TAR vs. Keyword Search Challenge, Round 4

This iteration of the challenge was performed during the Digging into TAR session at the 2018 Northeast eDiscovery & IG Retreat.  The structure was similar to round 3, but the audience was bigger.  As before, the goal was to see whether the audience could construct a keyword search query that performed better than technology-assisted review.

There are two sensible ways to compare performance.  Either see which approach reaches a fixed level of recall with the least review effort, or see which approach reaches the highest level of recall with a fixed amount of review effort.  Any approach comparing results having different recall and different review effort cannot give a definitive conclusion on which result is best without making arbitrary assumptions about a trade off between recall and effort (this is why performance measures, such as the F1 score, that mix recall and precision together are not sensible for ediscovery).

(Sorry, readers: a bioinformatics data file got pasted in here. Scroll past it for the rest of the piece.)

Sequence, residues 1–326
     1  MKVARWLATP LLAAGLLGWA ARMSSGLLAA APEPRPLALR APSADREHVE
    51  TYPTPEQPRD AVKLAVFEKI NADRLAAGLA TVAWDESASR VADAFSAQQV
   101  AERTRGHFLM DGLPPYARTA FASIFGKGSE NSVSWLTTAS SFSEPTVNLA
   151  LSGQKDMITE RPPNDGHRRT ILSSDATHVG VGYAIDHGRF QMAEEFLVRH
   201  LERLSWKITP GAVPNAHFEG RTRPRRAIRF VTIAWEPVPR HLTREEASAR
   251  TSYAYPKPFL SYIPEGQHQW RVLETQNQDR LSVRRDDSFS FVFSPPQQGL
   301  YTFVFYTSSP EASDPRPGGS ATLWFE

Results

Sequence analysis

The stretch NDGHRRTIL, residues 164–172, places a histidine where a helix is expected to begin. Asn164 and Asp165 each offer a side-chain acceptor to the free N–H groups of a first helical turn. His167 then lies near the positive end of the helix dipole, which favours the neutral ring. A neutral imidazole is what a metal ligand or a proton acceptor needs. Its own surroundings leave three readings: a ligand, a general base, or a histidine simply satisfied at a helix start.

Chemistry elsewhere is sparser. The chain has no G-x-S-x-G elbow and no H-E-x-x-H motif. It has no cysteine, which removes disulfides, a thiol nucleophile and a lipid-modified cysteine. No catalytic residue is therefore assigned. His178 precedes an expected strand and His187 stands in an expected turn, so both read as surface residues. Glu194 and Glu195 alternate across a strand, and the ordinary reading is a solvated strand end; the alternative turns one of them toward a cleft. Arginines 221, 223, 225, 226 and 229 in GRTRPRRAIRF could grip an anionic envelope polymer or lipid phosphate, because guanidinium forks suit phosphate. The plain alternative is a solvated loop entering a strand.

For the challenge we fixed the amount of review effort and measured the recall achieved, because that was an easier process to carry out under the circumstances.  Specifically, we took the top 3,000 documents matching the search query, reviewed them (this was instantaneous because the whole population was reviewed in advance), and measured the recall achieved.  That was compared to the recall for a TAR 3.0 process where 200 cluster centers were reviewed for training and then the top-scoring 2,800 documents were reviewed.  If the system was allowed to continue learning while the top-scoring documents were reviewed, the result was called “TAR 3.0 CAL.”  If learning was terminated after review of the 200 cluster centers, the result was called “TAR 3.0 SAL.”  The process was repeated with 6,000 documents instead of 3,000 so you can see how much recall improves if you double the review effort.